“No. No, I won’t let you do this for yourself.”

There’s a kiss pressed lightly to Matthew’s cheek, another gently to his lips. “I’m not doin’ this for myself, darlin’. I’m doin’ this for us.”

Of course. Matthew sighs, breath turning to steam in front of him. It wasn’t supposed to come to this. It was supposed to be a simple rescue mission, wasn’t it? Matthew wrings his hands together and wonders where exactly it went wrong. Wasn’t there a plan? A strategy?

(There was, of course, a plan. A five-step plan, in fact. Written up by Miriam herself, each course of action strategically pinpointed and marked down.)

They were so prepared, so ready…

Until they weren’t.

Clayton takes this brief moment of peace to brush snow off of his sleeves and prepare his weapon. Matthew thinks there is something fascinating about this; the way he steels himself, pulls his hat down low to cover his eyes. The way his entire body tenses and focuses.

It almost makes him forget where they are.

But the worried look in Clayton’s eyes pulls him back to reality, makes him remember how wrong it could all go down if they don’t get this right. “Please, Clayton. Don’t do this.”

Clayton only shakes his head. “I have to, darlin’. You know that.”

A nod. “I do.”

“Then it’s settled.” Clayton raises his head above their barricade to look up at the enemies surrounding them. There are too many of them, both men know it. But if there’s a chance that either of them will make it out alive, Clayton will take it. Of course, he’ll take it.

He stretches his legs, moves to stand, before-


A tug on his coat brings him down to meet Matthew’s worried gaze.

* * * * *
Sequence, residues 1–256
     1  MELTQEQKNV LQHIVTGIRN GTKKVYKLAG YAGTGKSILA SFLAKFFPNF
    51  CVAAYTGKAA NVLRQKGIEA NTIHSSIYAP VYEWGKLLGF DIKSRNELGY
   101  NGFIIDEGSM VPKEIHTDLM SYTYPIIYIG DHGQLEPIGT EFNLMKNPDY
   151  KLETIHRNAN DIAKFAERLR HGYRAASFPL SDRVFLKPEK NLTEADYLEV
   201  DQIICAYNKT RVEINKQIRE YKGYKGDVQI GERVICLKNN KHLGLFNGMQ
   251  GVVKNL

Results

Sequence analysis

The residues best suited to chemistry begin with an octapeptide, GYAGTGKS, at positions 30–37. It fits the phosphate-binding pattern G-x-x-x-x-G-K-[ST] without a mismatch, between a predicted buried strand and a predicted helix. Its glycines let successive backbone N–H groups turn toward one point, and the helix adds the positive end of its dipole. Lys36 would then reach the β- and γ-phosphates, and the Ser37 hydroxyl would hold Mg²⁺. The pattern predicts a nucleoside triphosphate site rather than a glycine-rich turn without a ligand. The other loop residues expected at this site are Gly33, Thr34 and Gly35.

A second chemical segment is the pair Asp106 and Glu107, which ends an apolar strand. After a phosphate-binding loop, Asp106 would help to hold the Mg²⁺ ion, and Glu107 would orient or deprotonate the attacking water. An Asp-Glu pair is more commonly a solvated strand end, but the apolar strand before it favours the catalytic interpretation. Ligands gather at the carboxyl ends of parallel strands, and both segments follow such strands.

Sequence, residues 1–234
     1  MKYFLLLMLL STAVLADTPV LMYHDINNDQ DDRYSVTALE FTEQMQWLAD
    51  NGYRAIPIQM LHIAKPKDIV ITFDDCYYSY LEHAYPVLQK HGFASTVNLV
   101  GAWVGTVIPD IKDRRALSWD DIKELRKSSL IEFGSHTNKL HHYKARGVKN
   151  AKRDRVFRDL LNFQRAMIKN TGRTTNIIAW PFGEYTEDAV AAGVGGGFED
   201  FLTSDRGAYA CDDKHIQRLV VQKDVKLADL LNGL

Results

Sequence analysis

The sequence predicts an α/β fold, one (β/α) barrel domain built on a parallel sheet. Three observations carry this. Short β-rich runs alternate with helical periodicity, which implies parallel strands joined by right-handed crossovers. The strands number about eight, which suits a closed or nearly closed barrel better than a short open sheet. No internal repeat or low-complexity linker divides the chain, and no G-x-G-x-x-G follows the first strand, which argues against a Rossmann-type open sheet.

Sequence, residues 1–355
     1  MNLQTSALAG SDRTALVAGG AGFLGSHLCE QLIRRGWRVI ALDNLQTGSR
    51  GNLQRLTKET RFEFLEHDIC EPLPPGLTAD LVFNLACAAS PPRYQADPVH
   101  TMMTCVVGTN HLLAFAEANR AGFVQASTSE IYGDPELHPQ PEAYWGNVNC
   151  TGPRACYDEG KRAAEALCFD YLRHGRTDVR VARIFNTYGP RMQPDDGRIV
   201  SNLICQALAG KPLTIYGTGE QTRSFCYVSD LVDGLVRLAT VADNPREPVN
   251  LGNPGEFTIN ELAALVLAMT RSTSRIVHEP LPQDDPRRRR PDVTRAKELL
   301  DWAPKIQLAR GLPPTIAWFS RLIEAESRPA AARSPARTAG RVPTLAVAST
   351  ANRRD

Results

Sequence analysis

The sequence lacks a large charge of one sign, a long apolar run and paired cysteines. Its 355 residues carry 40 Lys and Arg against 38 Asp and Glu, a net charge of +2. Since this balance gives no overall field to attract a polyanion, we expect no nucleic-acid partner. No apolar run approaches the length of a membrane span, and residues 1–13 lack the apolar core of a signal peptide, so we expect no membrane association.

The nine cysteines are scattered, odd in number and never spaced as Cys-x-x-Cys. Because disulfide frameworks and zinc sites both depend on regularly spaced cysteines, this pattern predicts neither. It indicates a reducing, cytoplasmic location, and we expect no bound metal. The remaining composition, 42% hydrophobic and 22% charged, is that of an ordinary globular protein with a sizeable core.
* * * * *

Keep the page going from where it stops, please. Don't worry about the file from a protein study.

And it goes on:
“Before you go, I-” Matthew swallows, words stuck within his throat. “I want to let you know that I- that I love you. I love you; I have loved you and I will continue to love you still.”

Clayton grins. “I know, you goof. I love you, too.”

He hears it immediately; to the left of them, a groan. And to the right, shouts of, “Get out here so we can kick your ass!” and “Language!”

Clayton squeezes his husband’s hand, rises from behind their barricade, and the rest happens too fast for Matthew to keep track of.

A shot to the side that Clayton dodges, just barely, before launching one right back. The sound of snow against cloth as it pounds against arms and legs and chests. His hand wraps around the waist of their rescue mission target - a teddy bear that Arabella had lovingly stitched - and hurls it towards his husband, who catches it with only a small amount of fumbling.

Their assailants begin to close in on him now, and Matthew can hardly watch.

Aly, behind a snowy barricade not unlike their own, grins menacingly. The walls of his hideout are piled with snowballs of varying sizes, lined up and ready to go.

The kids – their kids, Matthew and Clayton’s very own children - circle Clayton with a ferocious glare.

Behind the barricade, Aloysius calls out, “Alright, kids! Are y’all ready to kick ass?”

There is a resounding roar of “Yeah!” mixed in with Arabella’s “Language, Aly!” and Matthew grips the snow wall tighter within his fists. Come on. He thinks. Come on, sweetheart.